Filmmaker Dan Trachtenberg’s Predator prequel Prey succeeds by daring to embrace what prior sequels did not: Simplicity. The basics of Predator cinema boil down to skull trophies and rival combat, but most of all, the thrill of an uninterrupted hunt. With brutal ease, writer Patrick Aison translates Predator codes to hunter-gatherer dichotomies in Native American cultures. There’s nothing scarier than the laws of natural hierarchies on display in their most elemental forms, and that’s what Prey recognizes with menacing regard. There’s nothing wrong with going bigger, but there’s always been something missing in previous Predator continuations that get preoccupied elsewhere. Trachtenberg understands what Predator fans crave, and executes without mercy.
Set in the Northern Great Plains of 1719, Prey pits a Predator challenging any species’ alphas—wolves, bears, people—against a Comanche tribe. Taabe (Dakota Beavers) leads other boys on hunts while his sister Naru (Amber Midthunder) practices her deadliest skills in secrecy. She’s dismissed by most for her gender, but not by Taabe. Naru’s chance to defeat a lion (thanks to Taabe) and earn her warrior’s rite of passage fails when a Predator’s alien technology distracts from afar—which no one believes. Only Naru can protect her family and tribespeople from the unknown Yautja threat since no one will listen, which will be the warrior-wannabe’s ultimate test.
Let’s not pretend Prey is a subtle war waged against gender norms. Naru challenges her tribe’s adherence to domesticated roles, where men collect meat and women stoke fires under pots. Aison’s story is about insatiable determination, about not letting others dictate your fate and readapting Predator from the reverse empowerment of macho dudes—which flexes similarly entertaining muscles. Trachtenberg never shies away from heavy-handed representation strides, but it’s neither forceful nor disingenuous. Naru’s cunning and tracking skills are paramount to her success, as are her helpful allies in Taabe or timely distractions from other more dispensable Comanche search parties. Trachtenberg humbly honors bloodthirsty and bone-crushing Predator mechanics while fiercely challenging the same genre norms Naru faces in Comanche Nation.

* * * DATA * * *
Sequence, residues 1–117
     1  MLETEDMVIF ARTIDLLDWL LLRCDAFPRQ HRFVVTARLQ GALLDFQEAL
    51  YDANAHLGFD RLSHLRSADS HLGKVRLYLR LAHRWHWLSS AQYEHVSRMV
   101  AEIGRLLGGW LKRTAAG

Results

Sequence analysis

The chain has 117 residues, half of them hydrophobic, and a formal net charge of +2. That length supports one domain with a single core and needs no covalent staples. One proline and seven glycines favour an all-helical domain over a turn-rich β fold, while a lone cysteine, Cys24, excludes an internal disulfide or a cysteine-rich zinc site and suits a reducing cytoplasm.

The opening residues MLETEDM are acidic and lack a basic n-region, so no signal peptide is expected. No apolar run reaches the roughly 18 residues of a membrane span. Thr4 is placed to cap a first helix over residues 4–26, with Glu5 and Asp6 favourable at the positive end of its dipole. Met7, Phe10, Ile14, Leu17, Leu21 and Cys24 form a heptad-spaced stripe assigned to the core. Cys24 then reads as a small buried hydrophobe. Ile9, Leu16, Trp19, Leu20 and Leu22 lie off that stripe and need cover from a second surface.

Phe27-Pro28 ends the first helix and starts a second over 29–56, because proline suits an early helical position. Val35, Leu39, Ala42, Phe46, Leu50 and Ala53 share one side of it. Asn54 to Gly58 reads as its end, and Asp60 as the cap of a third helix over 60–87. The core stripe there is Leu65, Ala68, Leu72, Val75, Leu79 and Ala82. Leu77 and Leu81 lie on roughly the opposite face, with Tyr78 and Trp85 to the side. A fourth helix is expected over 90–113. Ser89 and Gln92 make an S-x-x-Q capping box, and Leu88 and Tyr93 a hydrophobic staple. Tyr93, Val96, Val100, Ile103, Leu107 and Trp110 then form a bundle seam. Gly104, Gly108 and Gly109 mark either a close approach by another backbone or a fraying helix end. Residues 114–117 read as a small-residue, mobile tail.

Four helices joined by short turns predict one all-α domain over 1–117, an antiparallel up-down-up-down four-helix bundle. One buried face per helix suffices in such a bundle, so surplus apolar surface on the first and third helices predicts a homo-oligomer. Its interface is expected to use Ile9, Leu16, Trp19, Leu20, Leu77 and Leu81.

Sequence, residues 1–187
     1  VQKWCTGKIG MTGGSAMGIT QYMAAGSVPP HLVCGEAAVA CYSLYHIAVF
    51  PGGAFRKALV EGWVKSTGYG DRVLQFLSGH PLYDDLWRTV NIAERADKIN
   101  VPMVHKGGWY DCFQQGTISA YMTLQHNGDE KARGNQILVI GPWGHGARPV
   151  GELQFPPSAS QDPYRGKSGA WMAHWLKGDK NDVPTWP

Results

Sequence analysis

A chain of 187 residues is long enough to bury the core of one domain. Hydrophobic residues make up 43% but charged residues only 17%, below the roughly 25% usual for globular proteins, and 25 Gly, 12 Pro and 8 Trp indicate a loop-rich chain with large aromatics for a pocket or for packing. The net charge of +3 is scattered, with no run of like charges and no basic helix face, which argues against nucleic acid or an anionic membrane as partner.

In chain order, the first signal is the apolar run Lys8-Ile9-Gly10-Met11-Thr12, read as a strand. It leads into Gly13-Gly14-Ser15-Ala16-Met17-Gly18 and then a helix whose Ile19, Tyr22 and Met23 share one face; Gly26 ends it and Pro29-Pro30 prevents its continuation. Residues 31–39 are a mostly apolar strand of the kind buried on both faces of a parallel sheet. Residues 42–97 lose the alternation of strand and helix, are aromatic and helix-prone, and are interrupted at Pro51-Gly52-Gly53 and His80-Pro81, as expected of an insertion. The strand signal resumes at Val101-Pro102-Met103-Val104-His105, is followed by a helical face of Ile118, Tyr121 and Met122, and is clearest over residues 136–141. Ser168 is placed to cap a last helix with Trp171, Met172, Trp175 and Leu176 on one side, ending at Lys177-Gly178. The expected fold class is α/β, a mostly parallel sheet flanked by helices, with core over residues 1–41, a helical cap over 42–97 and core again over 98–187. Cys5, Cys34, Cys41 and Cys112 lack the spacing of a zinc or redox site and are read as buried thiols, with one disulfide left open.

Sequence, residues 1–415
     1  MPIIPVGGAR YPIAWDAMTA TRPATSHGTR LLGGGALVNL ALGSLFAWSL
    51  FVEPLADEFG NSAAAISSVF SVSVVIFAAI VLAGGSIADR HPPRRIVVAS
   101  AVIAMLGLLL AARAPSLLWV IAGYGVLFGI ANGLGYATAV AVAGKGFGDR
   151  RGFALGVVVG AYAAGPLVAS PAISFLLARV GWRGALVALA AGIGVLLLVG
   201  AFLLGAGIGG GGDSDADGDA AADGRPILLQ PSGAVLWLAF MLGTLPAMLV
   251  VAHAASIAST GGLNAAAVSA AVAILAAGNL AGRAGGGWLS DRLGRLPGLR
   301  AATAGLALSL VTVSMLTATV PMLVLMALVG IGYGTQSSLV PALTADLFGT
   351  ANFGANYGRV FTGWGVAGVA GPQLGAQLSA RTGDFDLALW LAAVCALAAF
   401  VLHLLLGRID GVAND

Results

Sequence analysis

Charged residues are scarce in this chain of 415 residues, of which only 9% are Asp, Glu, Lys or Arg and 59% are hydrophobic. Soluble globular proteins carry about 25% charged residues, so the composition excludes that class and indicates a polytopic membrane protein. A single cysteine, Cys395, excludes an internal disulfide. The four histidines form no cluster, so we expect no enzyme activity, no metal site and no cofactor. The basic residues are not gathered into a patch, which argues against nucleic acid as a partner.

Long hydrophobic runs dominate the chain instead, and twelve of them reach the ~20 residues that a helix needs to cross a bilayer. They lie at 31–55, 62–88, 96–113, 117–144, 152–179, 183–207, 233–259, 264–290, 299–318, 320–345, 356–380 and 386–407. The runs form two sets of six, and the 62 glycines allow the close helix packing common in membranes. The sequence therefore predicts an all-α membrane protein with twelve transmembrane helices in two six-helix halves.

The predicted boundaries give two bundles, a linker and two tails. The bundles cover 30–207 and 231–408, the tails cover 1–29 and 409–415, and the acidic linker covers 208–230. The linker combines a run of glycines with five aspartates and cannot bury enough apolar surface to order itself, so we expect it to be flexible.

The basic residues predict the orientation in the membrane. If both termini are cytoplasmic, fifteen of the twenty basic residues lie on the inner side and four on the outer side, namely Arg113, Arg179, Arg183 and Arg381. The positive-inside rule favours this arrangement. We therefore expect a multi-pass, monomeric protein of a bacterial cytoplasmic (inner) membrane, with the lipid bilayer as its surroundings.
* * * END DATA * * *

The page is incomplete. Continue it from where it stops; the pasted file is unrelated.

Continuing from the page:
Trachtenberg’s attention to period details—from French fur trappers to Comanche combat strategies—favors originality. Almost the entire cast is Native and First Nation talent, and a Comanche dub will be available to the public upon release; composer Sarah Schachner beats rapturous rhythms backed by incensed howls and war cries that embolden the atmosphere. This 300-year-old action thriller is still intensely heart-pounding despite arrows and axes being the Comanche’s only weapons against an earlier-era Predator. There are technology downgrades on both sides (human vs. extraterrestrial), but that doesn’t bridge the extraordinary gap between Naru and her bug-ugly foe—which only enhances her uphill journey.
There’s a scene between Naru and the French that gets a little wonky, with characters speaking through “translations” in the English version, but outside this understandably weird situation (American markets might pass on subtitles), Trachtenberg spotlights Comanche authenticity.